Gus Carter

What’s the alternative to the Rwanda plan?

The current set-up isn’t working

What's the alternative to the Rwanda plan?
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Last night, a Boeing 767 that was supposed to fly 130 asylum seekers to Rwanda returned to Spain without a single passenger on board. Throughout the day, the number of people planned for that flight had been whittled down by multiple legal challenges. Then, minutes before take-off, the European Court of Human Rights made an injunction stopping an Iraqi man known as KN from being taken to Central Africa because, it said, he faced ‘a real risk of irreversible harm’.

The question some are asking is why the Home Secretary didn’t wait. There is supposed to be a broader challenge at the High Court next month which would, perhaps, have dealt with Strasbourg’s concerns – namely, that there was no legal mechanism for asylum seekers to return to the UK. Although that seems to be a feature rather than a bug: even if you are found to be a legitimate asylum seeker, the UK has said Rwanda is a safe place for you to settle. In other words, you still don’t get to come back to Britain. A mechanism for some legitimate refugees to return to the UK may be the only way to get this policy passed Strasbourg. But perhaps ministers want their flagship policy to get bogged down by legal challenges. When it comes to the Protocol, there’s certainly a view among some Europeans that Boris Johnson is dusting off the Vote Leave playbook, picking fights in order to get his message across. It works in a campaign, but it's an odd strategy for governing.

The central question after last night is what to make of the Rwanda policy. It certainly divides opinion. Again, there are those who think that dividing opinion is part of its appeal. But Rwanda is as much a product of exasperation. The number of people illegally crossing the Channel is growing rapidly every year. And some of those people are dying. A couple of years ago I spoke to a family member of one of 39 people who suffocated in the back of a refrigerated lorry while attempting to get into Britain. When we spoke, they didn’t know for sure whether their sister was one of the bodies. But they suspected. It’s a horror I still find hard to imagine, slowly realising you’re unable to breathe in a fetid, sweaty box.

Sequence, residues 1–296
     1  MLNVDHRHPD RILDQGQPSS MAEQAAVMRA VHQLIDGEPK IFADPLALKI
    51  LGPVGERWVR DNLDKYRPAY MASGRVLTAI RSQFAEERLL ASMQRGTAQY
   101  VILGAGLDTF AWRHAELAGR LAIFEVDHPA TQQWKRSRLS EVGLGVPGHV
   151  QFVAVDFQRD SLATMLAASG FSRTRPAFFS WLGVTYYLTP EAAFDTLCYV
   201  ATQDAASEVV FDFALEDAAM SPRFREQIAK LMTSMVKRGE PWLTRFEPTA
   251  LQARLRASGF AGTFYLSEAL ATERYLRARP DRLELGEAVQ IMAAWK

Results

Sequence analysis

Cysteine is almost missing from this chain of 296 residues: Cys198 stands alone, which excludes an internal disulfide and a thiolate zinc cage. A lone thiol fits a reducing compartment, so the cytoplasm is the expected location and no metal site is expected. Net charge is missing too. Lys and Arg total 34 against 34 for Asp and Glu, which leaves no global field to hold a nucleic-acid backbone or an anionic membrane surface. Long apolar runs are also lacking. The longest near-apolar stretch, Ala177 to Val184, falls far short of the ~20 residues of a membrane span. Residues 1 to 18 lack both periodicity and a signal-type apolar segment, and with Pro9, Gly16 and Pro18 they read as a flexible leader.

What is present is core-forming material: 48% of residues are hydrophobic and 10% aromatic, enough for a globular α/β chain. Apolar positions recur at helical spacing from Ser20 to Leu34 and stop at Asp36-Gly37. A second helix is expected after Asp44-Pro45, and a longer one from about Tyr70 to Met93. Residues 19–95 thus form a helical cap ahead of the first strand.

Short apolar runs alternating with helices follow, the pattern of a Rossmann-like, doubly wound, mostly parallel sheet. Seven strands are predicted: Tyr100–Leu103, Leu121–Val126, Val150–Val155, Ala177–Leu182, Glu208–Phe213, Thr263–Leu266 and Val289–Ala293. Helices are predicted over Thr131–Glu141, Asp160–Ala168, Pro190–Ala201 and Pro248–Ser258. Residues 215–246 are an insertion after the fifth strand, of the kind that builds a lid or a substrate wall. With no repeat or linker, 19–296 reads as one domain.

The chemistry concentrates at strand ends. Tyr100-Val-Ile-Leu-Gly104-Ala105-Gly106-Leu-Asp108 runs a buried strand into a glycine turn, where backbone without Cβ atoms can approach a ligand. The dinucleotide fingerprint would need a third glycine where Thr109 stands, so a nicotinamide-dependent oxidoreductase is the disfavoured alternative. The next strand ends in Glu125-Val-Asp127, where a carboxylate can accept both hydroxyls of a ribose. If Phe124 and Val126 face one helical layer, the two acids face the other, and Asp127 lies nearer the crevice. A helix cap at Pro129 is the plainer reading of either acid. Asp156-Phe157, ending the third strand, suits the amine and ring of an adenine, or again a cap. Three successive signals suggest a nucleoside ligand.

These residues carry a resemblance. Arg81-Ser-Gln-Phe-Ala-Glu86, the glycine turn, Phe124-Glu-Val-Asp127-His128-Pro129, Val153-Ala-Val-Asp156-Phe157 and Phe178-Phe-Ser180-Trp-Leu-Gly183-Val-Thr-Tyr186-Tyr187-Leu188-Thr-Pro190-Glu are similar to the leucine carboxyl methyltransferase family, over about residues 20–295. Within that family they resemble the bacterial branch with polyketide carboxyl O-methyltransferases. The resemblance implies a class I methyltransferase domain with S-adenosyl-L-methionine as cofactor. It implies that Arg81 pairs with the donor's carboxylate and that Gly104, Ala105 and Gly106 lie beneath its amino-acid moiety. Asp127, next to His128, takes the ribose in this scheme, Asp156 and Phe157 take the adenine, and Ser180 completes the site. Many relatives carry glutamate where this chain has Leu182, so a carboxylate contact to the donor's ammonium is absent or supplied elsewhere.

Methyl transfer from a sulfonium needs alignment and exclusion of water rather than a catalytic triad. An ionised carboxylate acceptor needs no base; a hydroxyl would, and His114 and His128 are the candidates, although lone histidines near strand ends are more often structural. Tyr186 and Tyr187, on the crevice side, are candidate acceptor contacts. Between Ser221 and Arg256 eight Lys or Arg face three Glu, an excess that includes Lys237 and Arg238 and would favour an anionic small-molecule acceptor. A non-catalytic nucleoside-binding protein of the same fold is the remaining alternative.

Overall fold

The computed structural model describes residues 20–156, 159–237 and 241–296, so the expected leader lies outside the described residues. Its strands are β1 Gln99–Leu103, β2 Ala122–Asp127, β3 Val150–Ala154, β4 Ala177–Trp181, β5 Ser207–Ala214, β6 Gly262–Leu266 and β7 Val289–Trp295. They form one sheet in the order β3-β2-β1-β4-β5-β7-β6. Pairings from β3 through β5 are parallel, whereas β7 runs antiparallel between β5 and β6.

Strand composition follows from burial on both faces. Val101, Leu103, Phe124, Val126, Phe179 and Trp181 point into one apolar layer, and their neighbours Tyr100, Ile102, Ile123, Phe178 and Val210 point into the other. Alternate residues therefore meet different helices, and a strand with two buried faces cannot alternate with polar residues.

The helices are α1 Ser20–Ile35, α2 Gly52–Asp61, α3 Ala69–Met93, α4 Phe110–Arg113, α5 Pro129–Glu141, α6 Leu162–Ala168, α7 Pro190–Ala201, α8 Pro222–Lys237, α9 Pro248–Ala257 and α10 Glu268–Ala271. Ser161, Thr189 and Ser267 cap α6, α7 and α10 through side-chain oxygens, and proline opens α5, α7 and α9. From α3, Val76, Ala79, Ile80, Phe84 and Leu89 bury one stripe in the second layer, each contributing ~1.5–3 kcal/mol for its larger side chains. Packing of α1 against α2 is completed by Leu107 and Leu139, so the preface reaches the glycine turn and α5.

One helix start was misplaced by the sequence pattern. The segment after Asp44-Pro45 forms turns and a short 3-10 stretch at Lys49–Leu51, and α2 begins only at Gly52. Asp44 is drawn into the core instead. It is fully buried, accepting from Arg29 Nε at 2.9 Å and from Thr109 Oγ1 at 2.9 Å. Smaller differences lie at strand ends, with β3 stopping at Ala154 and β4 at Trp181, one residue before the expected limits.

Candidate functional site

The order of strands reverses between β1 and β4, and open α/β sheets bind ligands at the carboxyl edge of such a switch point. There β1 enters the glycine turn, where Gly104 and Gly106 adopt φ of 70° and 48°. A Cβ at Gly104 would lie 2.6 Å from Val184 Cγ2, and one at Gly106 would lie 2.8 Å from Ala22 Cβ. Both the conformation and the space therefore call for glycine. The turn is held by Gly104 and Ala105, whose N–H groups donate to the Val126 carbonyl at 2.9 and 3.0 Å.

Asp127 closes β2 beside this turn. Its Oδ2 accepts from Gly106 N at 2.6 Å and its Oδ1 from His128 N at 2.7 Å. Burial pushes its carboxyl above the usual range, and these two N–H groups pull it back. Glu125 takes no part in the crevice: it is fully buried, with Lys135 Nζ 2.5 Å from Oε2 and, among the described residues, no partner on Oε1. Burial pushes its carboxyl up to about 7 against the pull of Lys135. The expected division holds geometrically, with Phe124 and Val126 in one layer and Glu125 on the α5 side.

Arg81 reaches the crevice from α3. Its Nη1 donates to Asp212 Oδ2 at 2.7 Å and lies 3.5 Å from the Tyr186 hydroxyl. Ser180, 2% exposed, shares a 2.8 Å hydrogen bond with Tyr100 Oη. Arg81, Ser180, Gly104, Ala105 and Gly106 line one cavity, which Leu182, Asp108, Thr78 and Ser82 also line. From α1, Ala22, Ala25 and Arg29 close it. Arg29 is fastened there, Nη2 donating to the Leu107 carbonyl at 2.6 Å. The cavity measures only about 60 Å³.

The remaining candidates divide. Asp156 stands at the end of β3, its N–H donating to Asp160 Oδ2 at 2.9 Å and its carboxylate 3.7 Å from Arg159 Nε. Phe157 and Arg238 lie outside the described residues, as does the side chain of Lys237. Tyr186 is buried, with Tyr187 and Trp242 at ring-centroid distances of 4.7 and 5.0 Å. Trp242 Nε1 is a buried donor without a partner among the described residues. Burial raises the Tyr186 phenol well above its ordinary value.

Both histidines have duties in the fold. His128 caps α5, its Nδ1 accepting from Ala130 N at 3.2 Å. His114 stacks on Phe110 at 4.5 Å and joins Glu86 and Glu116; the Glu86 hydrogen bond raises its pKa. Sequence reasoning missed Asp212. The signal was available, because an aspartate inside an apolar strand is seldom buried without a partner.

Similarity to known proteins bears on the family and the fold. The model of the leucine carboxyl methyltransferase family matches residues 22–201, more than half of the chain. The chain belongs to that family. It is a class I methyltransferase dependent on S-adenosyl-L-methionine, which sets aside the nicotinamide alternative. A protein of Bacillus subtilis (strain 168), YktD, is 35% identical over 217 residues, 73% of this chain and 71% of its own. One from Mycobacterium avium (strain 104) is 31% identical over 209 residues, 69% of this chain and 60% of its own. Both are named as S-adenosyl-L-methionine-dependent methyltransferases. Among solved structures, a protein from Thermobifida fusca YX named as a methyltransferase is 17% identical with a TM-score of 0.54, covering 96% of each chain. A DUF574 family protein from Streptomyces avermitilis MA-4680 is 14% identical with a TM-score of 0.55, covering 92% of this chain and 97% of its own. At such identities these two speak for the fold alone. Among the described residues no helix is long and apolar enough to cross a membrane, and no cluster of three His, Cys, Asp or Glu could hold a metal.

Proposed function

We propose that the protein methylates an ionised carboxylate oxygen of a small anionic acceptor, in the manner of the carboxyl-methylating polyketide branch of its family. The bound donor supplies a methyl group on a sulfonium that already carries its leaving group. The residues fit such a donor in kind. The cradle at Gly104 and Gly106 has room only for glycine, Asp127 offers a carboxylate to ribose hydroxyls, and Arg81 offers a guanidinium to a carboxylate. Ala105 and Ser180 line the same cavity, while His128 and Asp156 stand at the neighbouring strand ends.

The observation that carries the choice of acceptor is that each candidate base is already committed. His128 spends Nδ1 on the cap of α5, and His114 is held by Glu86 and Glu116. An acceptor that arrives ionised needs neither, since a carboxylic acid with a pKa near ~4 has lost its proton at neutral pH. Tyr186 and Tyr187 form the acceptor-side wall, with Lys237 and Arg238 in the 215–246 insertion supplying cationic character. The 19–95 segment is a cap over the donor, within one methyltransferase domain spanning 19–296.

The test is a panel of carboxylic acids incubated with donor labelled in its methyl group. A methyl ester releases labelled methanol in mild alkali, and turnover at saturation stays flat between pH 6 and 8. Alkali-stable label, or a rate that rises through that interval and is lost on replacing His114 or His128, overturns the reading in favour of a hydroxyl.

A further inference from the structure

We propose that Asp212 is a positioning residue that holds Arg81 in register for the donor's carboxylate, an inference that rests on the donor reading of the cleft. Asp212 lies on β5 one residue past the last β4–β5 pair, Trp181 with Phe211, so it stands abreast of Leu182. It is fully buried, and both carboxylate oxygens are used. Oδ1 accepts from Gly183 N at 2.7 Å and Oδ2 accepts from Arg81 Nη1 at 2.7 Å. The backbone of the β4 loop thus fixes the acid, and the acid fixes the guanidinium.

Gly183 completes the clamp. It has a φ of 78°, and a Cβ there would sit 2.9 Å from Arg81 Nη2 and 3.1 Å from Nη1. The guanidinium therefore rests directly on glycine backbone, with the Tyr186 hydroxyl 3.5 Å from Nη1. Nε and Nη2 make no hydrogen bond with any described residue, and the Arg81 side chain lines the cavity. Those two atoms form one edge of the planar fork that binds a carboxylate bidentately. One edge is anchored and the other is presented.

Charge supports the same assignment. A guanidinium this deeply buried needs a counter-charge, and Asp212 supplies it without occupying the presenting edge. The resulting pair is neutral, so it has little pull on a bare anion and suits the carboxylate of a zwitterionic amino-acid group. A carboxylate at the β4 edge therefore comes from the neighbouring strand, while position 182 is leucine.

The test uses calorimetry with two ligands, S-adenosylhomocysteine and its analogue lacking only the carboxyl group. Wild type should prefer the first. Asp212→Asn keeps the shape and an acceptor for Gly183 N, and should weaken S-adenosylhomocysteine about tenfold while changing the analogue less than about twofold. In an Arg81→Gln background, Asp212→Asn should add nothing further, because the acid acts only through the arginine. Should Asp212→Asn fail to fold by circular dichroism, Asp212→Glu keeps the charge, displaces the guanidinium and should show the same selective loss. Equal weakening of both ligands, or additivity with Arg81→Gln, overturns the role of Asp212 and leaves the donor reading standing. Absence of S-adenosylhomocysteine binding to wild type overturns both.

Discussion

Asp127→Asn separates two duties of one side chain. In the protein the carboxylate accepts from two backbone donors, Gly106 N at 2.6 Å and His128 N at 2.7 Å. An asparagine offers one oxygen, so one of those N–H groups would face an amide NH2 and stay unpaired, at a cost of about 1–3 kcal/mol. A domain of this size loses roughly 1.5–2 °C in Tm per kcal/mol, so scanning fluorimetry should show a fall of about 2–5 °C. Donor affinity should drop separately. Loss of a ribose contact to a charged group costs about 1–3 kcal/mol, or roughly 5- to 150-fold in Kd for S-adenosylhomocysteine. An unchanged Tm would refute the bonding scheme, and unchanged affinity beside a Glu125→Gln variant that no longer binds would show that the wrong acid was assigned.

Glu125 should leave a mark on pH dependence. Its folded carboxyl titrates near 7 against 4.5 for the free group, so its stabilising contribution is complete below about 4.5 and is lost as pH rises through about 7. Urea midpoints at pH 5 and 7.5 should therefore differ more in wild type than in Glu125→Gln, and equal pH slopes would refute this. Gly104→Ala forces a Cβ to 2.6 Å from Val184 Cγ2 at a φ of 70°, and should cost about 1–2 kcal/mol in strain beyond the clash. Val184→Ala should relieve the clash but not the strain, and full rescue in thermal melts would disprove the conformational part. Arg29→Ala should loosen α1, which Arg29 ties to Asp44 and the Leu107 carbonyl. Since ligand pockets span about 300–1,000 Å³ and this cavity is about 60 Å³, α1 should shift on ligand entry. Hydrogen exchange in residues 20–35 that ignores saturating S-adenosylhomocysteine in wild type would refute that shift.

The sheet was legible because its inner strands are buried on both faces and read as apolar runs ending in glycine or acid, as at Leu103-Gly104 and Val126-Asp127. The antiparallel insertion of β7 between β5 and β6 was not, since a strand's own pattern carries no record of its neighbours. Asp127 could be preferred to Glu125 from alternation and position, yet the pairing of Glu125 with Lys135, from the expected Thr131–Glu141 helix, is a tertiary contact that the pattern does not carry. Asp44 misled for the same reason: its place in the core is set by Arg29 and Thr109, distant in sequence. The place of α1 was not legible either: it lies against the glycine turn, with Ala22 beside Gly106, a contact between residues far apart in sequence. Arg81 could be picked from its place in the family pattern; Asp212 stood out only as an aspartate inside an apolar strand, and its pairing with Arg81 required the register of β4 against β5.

So although I felt a little sceptical, in fact, a little uneasy, about the Rwanda policy, I accepted something had to happen. The government's response to its Rwanda critics is: what would you do? I've yet to hear a convincing answer to that question. The number of dinghy crossings is growing every year. Many of those people, too, find themselves suffocating under the waves of the English Channel. The UK tried paying the French to better police their own borders, but it seems not to have made much of a difference. Instead, the only option is to dissuade people from making those journeys in the first place. Why bother risking life to get to the UK if you’re going to be flown 4,000 miles away?

Back in 2015, David Cameron promised to take people directly from refugee camps. He wanted to discourage asylum seekers from illegally journeying into Britain, instead assessing them in or near the country that they were fleeing. It never happened, but it seemed sensible enough. Combine the two together – a tough Rwanda-style plan to deal with illegal entry and a generous offer to take legitimate refugees in situ – and we’d have something close to a fair and effective policy. The problem of course is scale. According to the UN, there are 26 million refugees across the globe. Even once we’ve weeded out the many millions more economic migrants, the UK would be unable to handle more than a fraction of that number. We are always going to have to restrict access to legitimate asylum seekers in some way. That is the most difficult problem of all.

Written byGus Carter

Gus Carter is The Spectator’s online comment editor.

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